Too much information
can be overwhelming.
Learn to clean it up!
In my last post I talked about how clutter can drag us down and distract us from our most important priorities. We can gain so much when we can beat back that tumultuous tide of too much disorganized stuff!
And there’s a particularly burdensome type of clutter in today’s workplace: the vast, unending flow of information that may seem urgent but can leave us feeling exhausted and more confused than ever.
That was a problem for “Sophie,” a busy manager working long hours in a competitive environment. She had just received a modest promotion, which meant that her small team of analysts would grow from three direct reports up to five. She’d wanted this broader responsibility, but now she wasn’t feeling happy about her expanded role. Sophie told me that she was already operating at her full capacity. So how could she possibly handle the additional work that would come along with her bigger job?
When, in the course of coaching, we looked at how Sophie was spending her workdays, it seemed that she was constantly struggling to sort through more information than she could possibly absorb. She wanted to understand each of her analyst’s projects, so she tried to stay current with what they were doing and all the material they were processing. She would listen carefully during her frequent meetings, just taking small breaks to check her phone messages. And throughout each day, no matter what she was working on, she’d turn repeatedly from her current projects in an attempt to carefully read and promptly deal with countless emails.
Sophie was suffering from information overload. She was so overwhelmed by all the details she was trying to digest that she had lost the ability to set reasonable priorities and concentrate on her most important goals. When she looked at her work patterns, she realized that it was time to make more realistic choices about how much she could do. She needed to let some things go, and to better manage the deluge of information that faced her every day.
Sophie was not alone. According to leading cognitive psychologist Daniel J. Levitin, in today’s world we’re often confronted by more information than our brains can handle. And the more cognitive load we struggle with, the more likely it is that we’ll make errors, lose our keys and have trouble with even small decisions.
Levitin tackles the problem of too much data in his wide-ranging book, “The Organized Mind – Thinking Straight in the Age of Information Overload.” He says that our old habits may cause us to be bogged down in mental clutter, so sometimes some areas need must be cleaned up and reorganized.
Here are some of Levin’s suggestions for managing the hyper flow of data:
- Stop trying to multitask. Our brains evolved to do one thing at a time, Levitin says, and the idea that we can do several things at once is just a “diabolical illusion.” When we try to keep up with email while we’re working on a key project, there’s a cost. Our attempt to constantly change gears squanders our most valuable cognitive resource: attention. And at the same time our over-stimulated brain increases the production of stress hormones like cortisol. To do your best work, set aside blocks of time to concentrate on your top priorities, one at a time.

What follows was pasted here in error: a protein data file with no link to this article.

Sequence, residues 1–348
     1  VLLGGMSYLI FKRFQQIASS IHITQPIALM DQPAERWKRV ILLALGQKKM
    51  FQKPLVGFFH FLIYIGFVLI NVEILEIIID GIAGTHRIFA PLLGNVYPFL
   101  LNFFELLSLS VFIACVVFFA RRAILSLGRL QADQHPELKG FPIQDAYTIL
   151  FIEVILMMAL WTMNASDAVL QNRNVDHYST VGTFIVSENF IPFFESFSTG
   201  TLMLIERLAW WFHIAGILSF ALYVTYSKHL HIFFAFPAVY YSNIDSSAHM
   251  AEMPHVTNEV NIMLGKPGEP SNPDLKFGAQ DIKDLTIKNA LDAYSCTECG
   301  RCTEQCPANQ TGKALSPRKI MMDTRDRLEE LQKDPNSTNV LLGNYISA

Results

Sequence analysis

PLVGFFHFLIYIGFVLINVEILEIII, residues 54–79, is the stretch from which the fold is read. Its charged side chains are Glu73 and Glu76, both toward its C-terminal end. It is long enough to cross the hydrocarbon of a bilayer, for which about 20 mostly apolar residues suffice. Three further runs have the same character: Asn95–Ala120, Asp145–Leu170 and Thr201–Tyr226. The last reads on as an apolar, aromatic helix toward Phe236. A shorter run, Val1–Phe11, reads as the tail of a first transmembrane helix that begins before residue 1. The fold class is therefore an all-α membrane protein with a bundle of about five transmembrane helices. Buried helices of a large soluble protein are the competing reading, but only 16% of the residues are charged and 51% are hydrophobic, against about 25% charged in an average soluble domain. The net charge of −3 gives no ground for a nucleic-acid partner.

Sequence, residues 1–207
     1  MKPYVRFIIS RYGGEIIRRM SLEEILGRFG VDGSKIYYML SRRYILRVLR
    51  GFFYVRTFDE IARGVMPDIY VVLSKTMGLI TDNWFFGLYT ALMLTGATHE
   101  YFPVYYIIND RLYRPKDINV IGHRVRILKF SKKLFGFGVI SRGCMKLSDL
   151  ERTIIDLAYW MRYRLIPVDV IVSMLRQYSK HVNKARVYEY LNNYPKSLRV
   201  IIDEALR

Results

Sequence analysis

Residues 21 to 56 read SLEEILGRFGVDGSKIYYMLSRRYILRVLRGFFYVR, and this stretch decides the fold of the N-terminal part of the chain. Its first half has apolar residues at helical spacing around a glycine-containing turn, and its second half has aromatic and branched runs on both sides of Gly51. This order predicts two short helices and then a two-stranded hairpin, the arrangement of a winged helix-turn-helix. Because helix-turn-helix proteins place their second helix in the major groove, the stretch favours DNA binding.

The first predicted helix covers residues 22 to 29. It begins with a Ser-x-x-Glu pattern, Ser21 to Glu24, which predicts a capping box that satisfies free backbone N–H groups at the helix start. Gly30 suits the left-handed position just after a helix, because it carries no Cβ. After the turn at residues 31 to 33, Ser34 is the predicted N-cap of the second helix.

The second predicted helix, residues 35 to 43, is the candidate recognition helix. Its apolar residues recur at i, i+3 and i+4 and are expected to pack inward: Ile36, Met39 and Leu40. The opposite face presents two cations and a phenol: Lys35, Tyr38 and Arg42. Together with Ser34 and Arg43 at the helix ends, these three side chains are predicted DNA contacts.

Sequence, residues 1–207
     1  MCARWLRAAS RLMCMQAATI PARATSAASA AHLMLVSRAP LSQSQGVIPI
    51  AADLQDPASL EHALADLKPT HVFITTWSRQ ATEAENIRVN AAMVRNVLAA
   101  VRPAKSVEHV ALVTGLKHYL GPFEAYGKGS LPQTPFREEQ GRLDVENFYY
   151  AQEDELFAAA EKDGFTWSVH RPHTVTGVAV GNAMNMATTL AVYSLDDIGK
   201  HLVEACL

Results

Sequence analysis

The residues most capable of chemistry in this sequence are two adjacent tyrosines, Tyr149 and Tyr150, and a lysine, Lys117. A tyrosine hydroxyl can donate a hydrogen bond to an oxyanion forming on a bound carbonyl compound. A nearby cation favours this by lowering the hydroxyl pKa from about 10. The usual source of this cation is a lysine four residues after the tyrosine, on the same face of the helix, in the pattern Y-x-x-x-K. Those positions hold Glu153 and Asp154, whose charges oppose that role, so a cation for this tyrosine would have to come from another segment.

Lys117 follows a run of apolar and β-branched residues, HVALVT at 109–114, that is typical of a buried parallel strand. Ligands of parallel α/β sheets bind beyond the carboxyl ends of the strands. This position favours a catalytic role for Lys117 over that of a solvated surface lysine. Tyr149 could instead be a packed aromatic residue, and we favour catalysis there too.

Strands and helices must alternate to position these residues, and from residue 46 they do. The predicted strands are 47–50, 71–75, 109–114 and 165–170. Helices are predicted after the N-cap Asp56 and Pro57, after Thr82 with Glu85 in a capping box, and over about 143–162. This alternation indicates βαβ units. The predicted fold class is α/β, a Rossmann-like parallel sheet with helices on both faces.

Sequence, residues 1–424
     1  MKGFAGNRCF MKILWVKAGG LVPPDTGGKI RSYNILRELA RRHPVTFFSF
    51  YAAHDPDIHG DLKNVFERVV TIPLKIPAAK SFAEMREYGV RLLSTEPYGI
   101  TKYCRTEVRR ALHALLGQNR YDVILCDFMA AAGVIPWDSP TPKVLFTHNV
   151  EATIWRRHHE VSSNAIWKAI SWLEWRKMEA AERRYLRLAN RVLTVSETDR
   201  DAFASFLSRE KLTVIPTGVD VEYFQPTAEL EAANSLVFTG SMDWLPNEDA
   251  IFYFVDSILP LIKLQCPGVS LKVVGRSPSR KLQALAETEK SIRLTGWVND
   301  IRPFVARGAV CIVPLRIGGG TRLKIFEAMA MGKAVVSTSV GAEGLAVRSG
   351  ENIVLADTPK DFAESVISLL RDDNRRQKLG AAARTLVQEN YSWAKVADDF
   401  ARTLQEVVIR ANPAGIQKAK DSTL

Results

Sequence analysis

- Know what’s good enough. Every day we’re confronted by countless small decisions, and handling them can wear us out. But for most questions, like what to do for lunch, we don’t need to make the best We just need to decide and move on. Levitin suggests that you stop wasting time choosing what to do about things that aren’t your top priority. Instead, become comfortable with the strategy of “satisficing,” which means that you quickly select a good enough option, even if it may not be the best possible one.
- Get stuff out of your head. Like many productivity experts, Levitin argues that a fundamental principle of organizing is to shift the burden of managing information from our brains, out to the external world. Often this simply means that if you need to remember something you should write it down. One benefit is that writing things conserves the mental energy you might waste in worrying about forgetting them. And for many of us, handwritten notes seem to work best. Levitin says that he was surprised while researching to see how many people at the top of their professions always carry around a notepad or index cards for taking physical notes, instead of using electronic devices.
- Take breaks. Research suggests that people who take a 15-minute break every couple of hours are much more efficient, in the long run, than their colleagues who never leave their desks. By briefly walking, or listening to music, or even napping, you can increase your productivity and creativity.
- Delegate. Most employees enjoy their work more and perform better if they have at least some autonomy. This is good news for managers, like Sophie, who struggle with information overload, because it underscores the value of pushing down more authority and empowering direct reports to exercise more judgment.
If the daily barrage of data leaves you more besieged than enlightened, it may be time for a cleanup. Recognize that some of those bytes are just clutter, and try new ways to manage all that information.
For more tips for a flourishing career, check out my new book, Think Like an Entrepreneur, Act Like a CEO.